A startling break with American democratic tradition

So you made it through another debate, and you’re wondering if anything stood out that might keep us talking up until and through Nov. 8.

Of course! And that shouldn't surprise you. This is the 2016 presidential election.

Trump won’t commit to accepting election results if he loses. Judging by the general conversation among journalists and seeing how much coverage this part of the debate is getting this morning, it’s a big deal.

How big? Beth Reinhard and Michelle Hackman at The Wall Street Journal say some undecided voters turn on Donald Trump over ‘rigged’ claims. “In the third and final presidential debate, Republican Donald Trump's refusal to say he would accept the results of the election was the last straw for at least some voters who had been struggling with their decision.” Tim Hanrahan tweeted: Some undecideds turn on Trump: "I just saw a constitutional crisis on television," one voter tells WSJ.

As Philip Rucker and Karen Tumulty at The Washington Post put it, “a defiant Donald Trump used the high-profile setting of the final presidential debate here Wednesday night to amplify one of the most explosive charges of his candidacy: that if he loses the election, he might consider the outcome illegitimate because the process is rigged.”

From the story: Questioned directly as to whether he would accept the outcome should Democratic nominee Hillary Clinton prevail on Nov. 8, Trump demurred. “I will keep you in suspense,” the Republican nominee said. Clinton called Trump’s answer “horrifying,” saying he was “talking down our democracy.”

Manuel Roig-Franzia tweeted "A startling break with American democratic tradition" - @jdelreal & @Fahrenthold nail it.

What’s that about tradition? On the flip side, there’s this: 1993 Letter from George H.W. Bush to Bill Clinton Resurfaces, Goes Viral. In the piece by Rachel Dicker at U.S News & World Report, we learn about/are reminded of a 1993 letter from George H.W. Bush to Bill Clinton getting renewed attention for the dignity and respect with which an outgoing president addressed his successor even after a hard-fought race. Journalist after journalist after journalist retweeted this tweet from Russell Blair of the Hartford Courant: “When Bush lost to Clinton in '92, this is how he handled it.” Hillary Clinton posted the note on her Instagram and wrote in the comments: “It moved me to tears, just like it did all those years ago. It’s the letter that President Bush left in the Oval Office for my husband, back in January of 1993. They had just fought a fierce campaign. Bill won, President Bush lost. In a democracy, that’s how it goes.”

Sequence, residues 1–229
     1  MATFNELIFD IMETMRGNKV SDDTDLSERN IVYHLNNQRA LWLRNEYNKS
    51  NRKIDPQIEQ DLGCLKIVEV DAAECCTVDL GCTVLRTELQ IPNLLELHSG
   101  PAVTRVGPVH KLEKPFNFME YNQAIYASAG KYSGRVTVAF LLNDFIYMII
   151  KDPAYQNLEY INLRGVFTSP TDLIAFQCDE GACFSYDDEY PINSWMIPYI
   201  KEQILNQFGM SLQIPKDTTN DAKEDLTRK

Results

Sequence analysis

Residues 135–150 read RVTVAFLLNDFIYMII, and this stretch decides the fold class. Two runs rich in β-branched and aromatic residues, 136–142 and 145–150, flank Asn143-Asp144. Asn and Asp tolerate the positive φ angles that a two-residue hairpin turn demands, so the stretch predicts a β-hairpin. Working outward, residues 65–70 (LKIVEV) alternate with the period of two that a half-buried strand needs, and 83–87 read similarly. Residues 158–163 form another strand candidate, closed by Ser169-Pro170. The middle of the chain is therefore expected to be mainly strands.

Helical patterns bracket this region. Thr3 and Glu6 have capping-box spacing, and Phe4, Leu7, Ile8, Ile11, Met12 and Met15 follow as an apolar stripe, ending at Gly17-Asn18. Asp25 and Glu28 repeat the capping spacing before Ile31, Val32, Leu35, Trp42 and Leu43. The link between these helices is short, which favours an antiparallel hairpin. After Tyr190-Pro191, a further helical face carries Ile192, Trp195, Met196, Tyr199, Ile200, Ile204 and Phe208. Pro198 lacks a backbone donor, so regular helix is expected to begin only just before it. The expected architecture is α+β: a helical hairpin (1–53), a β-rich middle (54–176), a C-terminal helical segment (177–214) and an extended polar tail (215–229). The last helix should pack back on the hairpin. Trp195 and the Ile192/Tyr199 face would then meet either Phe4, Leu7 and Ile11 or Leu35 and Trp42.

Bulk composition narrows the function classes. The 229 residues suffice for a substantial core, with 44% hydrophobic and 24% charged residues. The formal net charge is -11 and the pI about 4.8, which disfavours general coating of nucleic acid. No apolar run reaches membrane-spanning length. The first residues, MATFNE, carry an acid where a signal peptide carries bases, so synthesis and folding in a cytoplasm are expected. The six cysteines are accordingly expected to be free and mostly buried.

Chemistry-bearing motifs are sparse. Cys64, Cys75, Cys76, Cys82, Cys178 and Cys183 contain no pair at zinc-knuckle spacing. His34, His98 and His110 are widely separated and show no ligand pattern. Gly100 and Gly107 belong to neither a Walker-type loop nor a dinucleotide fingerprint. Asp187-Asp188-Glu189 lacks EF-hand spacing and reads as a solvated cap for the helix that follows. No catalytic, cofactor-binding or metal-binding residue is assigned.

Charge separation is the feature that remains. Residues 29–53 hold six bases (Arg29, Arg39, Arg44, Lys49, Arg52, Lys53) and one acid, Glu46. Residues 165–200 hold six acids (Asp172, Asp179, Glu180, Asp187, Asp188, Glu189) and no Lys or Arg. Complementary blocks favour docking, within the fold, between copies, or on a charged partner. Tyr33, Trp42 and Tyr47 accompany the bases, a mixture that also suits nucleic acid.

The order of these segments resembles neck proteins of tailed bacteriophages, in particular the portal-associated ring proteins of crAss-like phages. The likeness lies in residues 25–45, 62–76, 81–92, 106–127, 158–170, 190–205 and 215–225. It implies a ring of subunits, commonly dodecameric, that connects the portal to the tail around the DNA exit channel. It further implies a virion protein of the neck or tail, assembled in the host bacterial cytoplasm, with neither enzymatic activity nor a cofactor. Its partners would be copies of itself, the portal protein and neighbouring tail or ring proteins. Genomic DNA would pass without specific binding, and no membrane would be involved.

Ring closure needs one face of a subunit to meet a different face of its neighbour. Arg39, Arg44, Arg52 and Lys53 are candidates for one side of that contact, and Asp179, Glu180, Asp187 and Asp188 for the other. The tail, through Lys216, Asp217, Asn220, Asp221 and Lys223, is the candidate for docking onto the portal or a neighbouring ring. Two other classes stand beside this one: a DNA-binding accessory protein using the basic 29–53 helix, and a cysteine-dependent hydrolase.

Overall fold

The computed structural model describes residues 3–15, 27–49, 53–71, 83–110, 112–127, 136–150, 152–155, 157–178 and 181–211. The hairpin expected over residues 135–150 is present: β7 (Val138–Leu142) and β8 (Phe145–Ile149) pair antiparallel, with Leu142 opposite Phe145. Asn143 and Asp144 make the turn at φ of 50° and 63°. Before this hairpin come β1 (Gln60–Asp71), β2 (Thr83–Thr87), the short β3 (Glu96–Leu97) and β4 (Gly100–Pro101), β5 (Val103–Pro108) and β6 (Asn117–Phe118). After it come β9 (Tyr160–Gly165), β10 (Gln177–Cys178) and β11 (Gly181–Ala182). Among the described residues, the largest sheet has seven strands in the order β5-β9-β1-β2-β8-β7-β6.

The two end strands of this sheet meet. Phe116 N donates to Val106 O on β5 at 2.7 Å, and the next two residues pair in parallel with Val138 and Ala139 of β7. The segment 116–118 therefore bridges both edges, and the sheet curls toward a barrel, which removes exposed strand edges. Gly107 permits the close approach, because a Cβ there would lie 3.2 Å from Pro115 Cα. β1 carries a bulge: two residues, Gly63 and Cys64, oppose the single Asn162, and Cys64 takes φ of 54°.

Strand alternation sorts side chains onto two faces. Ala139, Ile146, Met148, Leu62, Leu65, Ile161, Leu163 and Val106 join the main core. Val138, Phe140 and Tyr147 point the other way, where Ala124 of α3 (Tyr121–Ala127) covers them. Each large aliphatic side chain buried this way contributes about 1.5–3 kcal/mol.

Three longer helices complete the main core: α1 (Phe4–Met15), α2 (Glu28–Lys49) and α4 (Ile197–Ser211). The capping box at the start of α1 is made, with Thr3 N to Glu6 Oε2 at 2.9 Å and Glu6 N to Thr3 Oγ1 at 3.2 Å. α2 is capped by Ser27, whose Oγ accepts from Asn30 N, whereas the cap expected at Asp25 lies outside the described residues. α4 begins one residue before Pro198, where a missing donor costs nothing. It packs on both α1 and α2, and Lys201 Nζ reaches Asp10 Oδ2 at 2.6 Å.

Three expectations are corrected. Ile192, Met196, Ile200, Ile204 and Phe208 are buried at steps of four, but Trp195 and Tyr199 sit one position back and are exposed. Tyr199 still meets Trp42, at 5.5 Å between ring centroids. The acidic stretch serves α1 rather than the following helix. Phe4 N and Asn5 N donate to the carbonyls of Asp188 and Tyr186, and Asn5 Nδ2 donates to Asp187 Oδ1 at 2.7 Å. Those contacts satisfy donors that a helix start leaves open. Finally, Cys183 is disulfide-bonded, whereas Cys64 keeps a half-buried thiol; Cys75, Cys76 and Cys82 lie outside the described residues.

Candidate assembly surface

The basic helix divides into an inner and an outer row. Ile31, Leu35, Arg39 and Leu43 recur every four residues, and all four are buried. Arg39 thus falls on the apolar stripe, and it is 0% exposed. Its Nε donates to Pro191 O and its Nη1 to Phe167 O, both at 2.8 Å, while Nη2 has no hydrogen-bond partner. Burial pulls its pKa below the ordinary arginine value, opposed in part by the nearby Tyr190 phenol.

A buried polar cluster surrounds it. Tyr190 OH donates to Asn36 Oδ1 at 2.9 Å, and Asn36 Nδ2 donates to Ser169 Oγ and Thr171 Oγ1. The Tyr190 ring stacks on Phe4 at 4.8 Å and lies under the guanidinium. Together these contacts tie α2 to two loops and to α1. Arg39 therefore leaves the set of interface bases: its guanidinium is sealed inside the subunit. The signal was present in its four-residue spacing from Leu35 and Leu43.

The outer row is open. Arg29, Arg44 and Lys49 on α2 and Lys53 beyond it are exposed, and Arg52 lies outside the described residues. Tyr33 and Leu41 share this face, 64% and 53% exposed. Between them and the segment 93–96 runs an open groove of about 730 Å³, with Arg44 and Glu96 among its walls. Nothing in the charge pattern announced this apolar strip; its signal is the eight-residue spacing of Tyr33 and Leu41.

Meanwhile, while you were watching the debate, Trump just launched Trump TV. That from Charlie Warzel over at BuzzFeed, who reports that minutes before the third and final presidential debate, Donald Trump went live on Facebook in what may have been the inaugural broadcast of a forthcoming Trump News Network. A little after 8:30, Trump's official Facebook page posted the link to the live video, offering up an alternative to the mainstream broadcast. BuzzFeed editor Ben Smith managed to sum up this story in two words: “Um guys.” Smith also pointed out a pretty interesting fact: “160,000+ people are watching the debate on Trump TV.” That's quite an impressive number for a Facebook Live, no?

Jonathan Mahler at The New York Times writes that anti-semitic posts, many from Trump supporters, are surging on Twitter. Hillary Dixler tweeted “it's unacceptable that this is happening.” How bad is it? According to the story, 2.6 million anti-Semitic messages were posted on Twitter between August 2015 and July 2016.

So who won the debate? According to a CNN / ORC poll, Hillary Clinton 52% to 39%.

In election-related news from South America, the U.S. pushed Ecuador to act against Assange, say officials. According to Ken Dilanian, William M. Arkin and Robert Windrem at NBC News, quiet pressure from the U.S. government played a role in Ecuador's decision to block Wikileaks founder Julian Assange from using the internet at Ecuador's London embassy. "It was a bit of an eviction notice," said a senior intelligence official. All of those tweets from the other day assuming someone forgot to pay the internet bill appear to be wrong.

And in other stories worthy of your time today:

• AUUUUUUGHHHHHH! Snoopy has been fired by MetLife. As Leslie Scism of The Wall Street Journal explains, the 148-year-old company first used the Peanuts' cartoon character in advertising 31 years ago as it tried to connect with U.S. consumers. John Flowers puts it in perspective: “Snoopy just got canned. So now in addition to ISIS we need to worry about attacks by the Red Baron. Thanks, MetLife.”

How Islamic State weaponized the chat app to direct attacks on the West by Stacy Meichtry and Sam Schechner at The Wall Street Journal. “Police alarmed by emergence of militants that they say are using chat apps and social media to recruit militants in Europe from abroad.”

Why we lost the Brexit vote: Behind the scenes of the flawed campaign to keep the UK in the EU by Stephan Faris at Politico Europe.

Reuters reports that Philippine President Duterte has announced 'separation' from United States. This story is still developing.

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